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Denise P. Barlow Award for Matthias Muhar

19 Jan 2021
Matthias Muhar

Matthias Muhar, IMP alumnus from the lab of Johannes Zuber and now postdoc at the ETH Zurich, received the Denise P. Barlow Award 2019 in recognition of his doctoral studies. In his PhD project, Matthias addressed this fundamental challenge by combining CRISPR genome engineering, targeted protein degradation, and SLAM-seq.

SLAM-seq is a method that had been developed by the group of Stefan Ameres at the Institute of Molecular Biotechnology of the Austrian Academy of Sciences (IMBA) around the time when Matthias started his doctoral project. Using the then new method, he was able to define the regulatory functions of two important transcriptional hubs in cancer, BRD4 and MYC, which had long evaded a definitive experimental characterization. The project not only identified direct targets of BRD4 and MYC, but also elucidated the underlying mechanism of an emerging therapeutic concept: treatment with BET bromodomain inhibitors (BETis). The main publication rising from Matthias’ project, “SLAM-seq defines direct gene-regulatory functions of the BRD4-MYC axis”, was published in the journal Science in May 2018. For his studies, Matthias was also presented with the Lauwers Award 2017, the Vienna BioCenter PhD Award 2018, and ÖGBMT Award 2018

Matthias studied biology at the University of Vienna. After obtaining his Master’s degree in 2014, he joined the lab of Johannes Zuber through the Vienna BioCenter PhD-Program. He is currently a postdoctoral researcher in the lab of Jacob Corn (ETH Zurich).

The 2019 Barlow Award is shared between Matthias and Julia Batki, also an alumna of the Vienna BioCenter PhD Program. Working under the supervision of Julius Brennecke at IMBA, she studied the nuclear small RNA-guided silencing of transposable elements in the fruit fly Drosophila melanogaster. Julia Batki is currently a postdoc at the Max Planck Institute for Molecular Genetics in Berlin.

About the Denise P. Barlow Award

Denise Barlow had a prolific scientific career, mostly remembered for her contributions to early epigenetics. A detailed account of the work she had done while starting her lab at the IMP can be found on this website. Denise’s career, however, continued to span four institutions in Vienna: following the IMP, where she was a group leader, it also included the Max Perutz Labs, where she was a professor, IMBA, which provided laboratory space for some time, and CeMM, where she was a principal investigator until her retirement.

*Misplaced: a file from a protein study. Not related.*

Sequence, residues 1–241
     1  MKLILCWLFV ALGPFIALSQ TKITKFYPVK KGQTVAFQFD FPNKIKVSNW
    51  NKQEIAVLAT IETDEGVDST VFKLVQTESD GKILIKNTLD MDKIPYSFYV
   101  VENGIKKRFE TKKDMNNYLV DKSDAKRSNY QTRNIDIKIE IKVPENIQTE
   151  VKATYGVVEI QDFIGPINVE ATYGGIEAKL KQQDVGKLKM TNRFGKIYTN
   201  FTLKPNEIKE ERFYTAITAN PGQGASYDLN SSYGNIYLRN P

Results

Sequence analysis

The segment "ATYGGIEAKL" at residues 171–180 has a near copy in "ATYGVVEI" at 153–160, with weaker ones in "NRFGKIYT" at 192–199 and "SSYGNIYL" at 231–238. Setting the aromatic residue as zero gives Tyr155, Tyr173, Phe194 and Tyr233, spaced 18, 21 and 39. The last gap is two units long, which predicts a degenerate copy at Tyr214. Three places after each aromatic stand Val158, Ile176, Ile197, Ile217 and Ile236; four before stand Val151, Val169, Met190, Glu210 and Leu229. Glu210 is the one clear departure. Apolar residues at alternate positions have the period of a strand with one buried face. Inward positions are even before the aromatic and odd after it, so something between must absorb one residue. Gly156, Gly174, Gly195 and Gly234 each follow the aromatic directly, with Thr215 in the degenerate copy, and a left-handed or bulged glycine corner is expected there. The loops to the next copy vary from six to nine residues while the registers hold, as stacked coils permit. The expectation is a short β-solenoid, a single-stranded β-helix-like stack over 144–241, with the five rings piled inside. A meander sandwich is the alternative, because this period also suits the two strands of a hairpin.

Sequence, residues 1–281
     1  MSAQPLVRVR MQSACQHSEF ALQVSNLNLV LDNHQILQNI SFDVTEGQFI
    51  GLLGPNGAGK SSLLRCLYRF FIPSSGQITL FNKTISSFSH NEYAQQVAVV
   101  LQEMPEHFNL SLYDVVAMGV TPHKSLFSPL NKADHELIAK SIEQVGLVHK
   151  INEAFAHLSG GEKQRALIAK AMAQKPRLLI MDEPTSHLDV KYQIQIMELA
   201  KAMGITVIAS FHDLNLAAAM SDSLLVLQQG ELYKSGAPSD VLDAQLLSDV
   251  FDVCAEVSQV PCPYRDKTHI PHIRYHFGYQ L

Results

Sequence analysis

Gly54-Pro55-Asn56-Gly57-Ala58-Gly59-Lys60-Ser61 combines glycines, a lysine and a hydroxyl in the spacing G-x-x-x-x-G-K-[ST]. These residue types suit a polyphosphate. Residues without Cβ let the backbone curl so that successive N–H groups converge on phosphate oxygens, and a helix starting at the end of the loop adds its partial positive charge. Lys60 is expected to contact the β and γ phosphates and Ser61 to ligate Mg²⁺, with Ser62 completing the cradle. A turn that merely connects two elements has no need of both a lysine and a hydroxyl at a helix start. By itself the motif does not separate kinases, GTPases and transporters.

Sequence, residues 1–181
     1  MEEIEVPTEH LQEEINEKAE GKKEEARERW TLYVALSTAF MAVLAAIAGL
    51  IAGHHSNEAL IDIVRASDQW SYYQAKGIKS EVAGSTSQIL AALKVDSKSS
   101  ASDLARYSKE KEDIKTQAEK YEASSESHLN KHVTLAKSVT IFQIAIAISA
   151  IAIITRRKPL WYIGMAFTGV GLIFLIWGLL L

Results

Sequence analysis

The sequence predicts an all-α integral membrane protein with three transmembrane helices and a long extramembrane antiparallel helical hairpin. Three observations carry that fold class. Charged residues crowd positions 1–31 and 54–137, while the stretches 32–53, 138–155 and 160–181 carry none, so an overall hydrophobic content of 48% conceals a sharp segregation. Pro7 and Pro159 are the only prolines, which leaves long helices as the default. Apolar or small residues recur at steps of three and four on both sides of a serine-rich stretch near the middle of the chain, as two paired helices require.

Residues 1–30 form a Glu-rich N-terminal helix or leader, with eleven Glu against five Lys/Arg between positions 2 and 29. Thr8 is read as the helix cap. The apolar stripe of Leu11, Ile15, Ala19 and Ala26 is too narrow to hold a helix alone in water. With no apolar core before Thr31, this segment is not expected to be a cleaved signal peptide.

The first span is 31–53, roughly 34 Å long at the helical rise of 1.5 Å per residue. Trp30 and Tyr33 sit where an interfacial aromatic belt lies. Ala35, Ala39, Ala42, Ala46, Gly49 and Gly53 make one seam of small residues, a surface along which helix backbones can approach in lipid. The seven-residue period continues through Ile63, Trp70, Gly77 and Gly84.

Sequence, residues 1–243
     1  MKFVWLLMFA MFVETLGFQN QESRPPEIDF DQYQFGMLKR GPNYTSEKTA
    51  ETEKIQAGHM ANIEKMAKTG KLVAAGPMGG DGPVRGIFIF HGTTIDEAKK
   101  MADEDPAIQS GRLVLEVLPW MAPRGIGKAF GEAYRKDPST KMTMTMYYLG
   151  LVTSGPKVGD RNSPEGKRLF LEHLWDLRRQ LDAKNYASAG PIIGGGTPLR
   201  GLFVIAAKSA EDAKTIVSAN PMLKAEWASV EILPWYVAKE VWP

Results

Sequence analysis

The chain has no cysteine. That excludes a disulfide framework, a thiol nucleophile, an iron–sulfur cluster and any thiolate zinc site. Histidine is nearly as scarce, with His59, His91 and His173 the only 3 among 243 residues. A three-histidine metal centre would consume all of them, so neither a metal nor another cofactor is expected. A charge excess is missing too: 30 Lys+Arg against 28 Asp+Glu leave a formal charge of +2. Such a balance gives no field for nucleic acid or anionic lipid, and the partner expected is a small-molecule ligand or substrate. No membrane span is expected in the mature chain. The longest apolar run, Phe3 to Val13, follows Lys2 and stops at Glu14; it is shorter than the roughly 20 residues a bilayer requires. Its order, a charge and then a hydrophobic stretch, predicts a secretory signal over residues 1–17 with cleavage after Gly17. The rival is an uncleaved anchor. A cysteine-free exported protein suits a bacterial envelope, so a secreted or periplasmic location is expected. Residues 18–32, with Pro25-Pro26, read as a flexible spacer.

Following Barlow’s untimely passing in 2017, these four institutions launch an annual award in her name to merit exceptionally interesting PhD studies carried out in one of the four institutions. Specifically, the Denise P. Barlow Award intends to promote the academic career of young scientists, strategically addressing the transition of graduated PhD students to postdocs, by offering a small financial help that will alleviate the costs associated with relocation or career development. 

The “Denise P. Barlow Award” amounts to 5,000 Euro. After two years of postdoc research, awardees are invited to give a talk, and while in Vienna, participate to the award of the next winner. The topic of the thesis can vary and cover basic cell biological, biochemical, molecular biological, structural and computational work, with an emphasis on insight on new biological mechanisms, something Denise P. Barlow was fond of. The award selection committee comprises seven people, including the four scientific directors of the awarding institutes. Due to the current pandemic, the 2019 award was announced with a delay.